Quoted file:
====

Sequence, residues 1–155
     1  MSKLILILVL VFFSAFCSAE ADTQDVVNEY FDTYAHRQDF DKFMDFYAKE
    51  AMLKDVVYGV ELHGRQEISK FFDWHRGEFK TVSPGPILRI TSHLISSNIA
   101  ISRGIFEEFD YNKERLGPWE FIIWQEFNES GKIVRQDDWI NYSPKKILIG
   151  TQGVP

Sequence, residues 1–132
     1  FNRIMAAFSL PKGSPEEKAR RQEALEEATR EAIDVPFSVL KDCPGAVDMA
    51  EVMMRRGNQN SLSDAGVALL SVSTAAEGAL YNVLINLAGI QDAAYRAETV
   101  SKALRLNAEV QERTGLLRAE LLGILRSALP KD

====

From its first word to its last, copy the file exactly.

Sequence, residues 1–155
     1  MSKLILILVL VFFSAFCSAE ADTQDVVNEY FDTYAHRQDF DKFMDFYAKE
    51  AMLKDVVYGV ELHGRQEISK FFDWHRGEFK TVSPGPILRI TSHLISSNIA
   101  ISRGIFEEFD YNKERLGPWE FIIWQEFNES GKIVRQDDWI NYSPKKILIG
   151  TQGVP

Sequence, residues 1–132
     1  FNRIMAAFSL PKGSPEEKAR RQEALEEATR EAIDVPFSVL KDCPGAVDMA
    51  EVMMRRGNQN SLSDAGVALL SVSTAAEGAL YNVLINLAGI QDAAYRAETV
   101  SKALRLNAEV QERTGLLRAE LLGILRSALP KD